clock menu more-arrow no yes mobile

Filed under:

On Sammy Watkins’ Age, Production and Quantifying His Impact

Sammy Watkins turned 23 yesterday. Let's take a look at what he’s accomplished as a young NFL star and truly examine his impact on Tyrod Taylor.

Sammy Watkins turned 23 yesterday, which seems incredible relative to what he’s accomplished thus far in the NFL.

I’ve had some Watkins-related research ready to use in an article for a while now, but figured I can just add it here. Before I get to that, though... let’s circle back to his age and production.

Going as far back as the AFL-NFL merger in 1970, here’s a Top 7 ranking of the most receiving yards for wideouts by the conclusion of their age 22 season:

Credit: Josh Rawdin, Buffalo Rumblings

Without a doubt, the aerial renaissance the NFL finds itself in today has helped to “inflate” some figures for young, modern-day receivers. However, eclipsing the 2,000-yard mark before your 23rd birthday is still quite the feat, and standing alone in fifth behind those pass-catchers is undoubtedly impressive.

Watkins’ 16.23 yards-per-catch average trails only Randy Moss and Josh Gordon in the 2,000-Yards-By-23-Years-Old Club.

If you include receivers who had at least 75 receptions by the end of their age 22 season, only Moss, Gordon, Kenny Stills and Kenny Britt managed a higher yards-per-catch average than Watkins. His 15 touchdown grabs are good for sixth within these age-related constraints as well.

Going one step further, Watkins has seen 224 NFL targets, meaning his grand total of 2,029 receiving yards equates to a yards-per-target average of 9.23. Among the Top 10 wideouts in total receiving yards by the max age of 22, Watkins has only been outdone by Moss (10.44) and Gordon (9.61).

Watkins’ Impact on Bills QBs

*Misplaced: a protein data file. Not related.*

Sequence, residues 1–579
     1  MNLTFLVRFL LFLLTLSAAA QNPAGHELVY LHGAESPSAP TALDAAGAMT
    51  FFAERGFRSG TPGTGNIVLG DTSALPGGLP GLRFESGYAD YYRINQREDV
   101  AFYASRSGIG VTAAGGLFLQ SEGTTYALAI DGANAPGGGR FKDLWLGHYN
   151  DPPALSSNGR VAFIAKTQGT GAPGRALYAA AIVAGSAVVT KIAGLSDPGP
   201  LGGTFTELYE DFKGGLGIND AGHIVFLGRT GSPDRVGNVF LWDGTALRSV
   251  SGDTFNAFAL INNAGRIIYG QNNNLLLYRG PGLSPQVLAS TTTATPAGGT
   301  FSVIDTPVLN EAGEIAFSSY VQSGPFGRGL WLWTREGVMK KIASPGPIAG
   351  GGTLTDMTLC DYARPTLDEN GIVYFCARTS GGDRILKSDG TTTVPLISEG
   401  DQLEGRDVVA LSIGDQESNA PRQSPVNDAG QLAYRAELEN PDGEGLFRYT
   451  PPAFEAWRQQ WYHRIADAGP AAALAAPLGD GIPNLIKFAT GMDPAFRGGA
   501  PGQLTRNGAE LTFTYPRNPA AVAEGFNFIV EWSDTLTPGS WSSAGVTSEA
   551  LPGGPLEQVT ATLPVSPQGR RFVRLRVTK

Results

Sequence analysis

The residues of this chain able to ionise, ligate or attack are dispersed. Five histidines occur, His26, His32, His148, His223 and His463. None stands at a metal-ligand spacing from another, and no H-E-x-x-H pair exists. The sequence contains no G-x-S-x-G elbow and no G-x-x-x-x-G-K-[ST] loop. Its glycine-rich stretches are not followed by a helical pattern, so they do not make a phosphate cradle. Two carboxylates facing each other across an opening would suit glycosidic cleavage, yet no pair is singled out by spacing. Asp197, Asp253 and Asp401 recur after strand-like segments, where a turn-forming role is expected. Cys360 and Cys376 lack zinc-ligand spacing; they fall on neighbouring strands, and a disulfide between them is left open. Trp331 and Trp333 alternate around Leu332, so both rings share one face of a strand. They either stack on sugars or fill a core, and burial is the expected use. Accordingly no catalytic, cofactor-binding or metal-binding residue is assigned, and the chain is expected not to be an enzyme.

You don’t need me to tell you Watkins is a game-changer for the Bills and whoever is under center for Buffalo. However, I figured you might be interested to know just how impactful he is.

Last season, Tyrod Taylor and EJ Manuel averaged 6.65 yards per attempt when Watkins was not on the field. Blah.

For perspective, Colin Kaepernick averaged 6.61 yards per attempt in 2015, which was 32nd in the NFL out of 35 qualifying signal-callers.

When Watkins was on the field, Taylor and Manuel combined for a 7.38 yards-per-attempt average. Blake Bortles averaged 7.30 yards per attempt last year, good for 15th in the league.

The disparity is even more staggering when solely focusing on Taylor.

  • Taylor with Watkins: 8.23 YPA
  • Taylor without Watkins: 7.13 YPA

Using YPA as the sole measuring stick, Watkins helped to make Taylor basically as efficient as 2015 Russell Wilson (8.33 YPA). When Watkins wasn’t on the field with Taylor, the Bills quarterback was essentially as efficient as 2015 Brian Hoyer (7.06 YPA).

Striking statistics, especially in that context, right?

Watkins is currently nursing a broken foot, and in my intro Rumblings article, I mentioned I don’t think Watkins should take a snap — in training camp or preseason — before Week 1 of the regular season against the Baltimore Ravens.

That thought won’t change.

Although Robert Woods and Charles Clay are solid primary “second options,” a plethora of veterans are battling for the No. 3 WR spot and speedster Kolby Listenbee is now in the mix, Watkins’ on-field presence is of the utmost importance in regard to the efficiency of Buffalo's offense.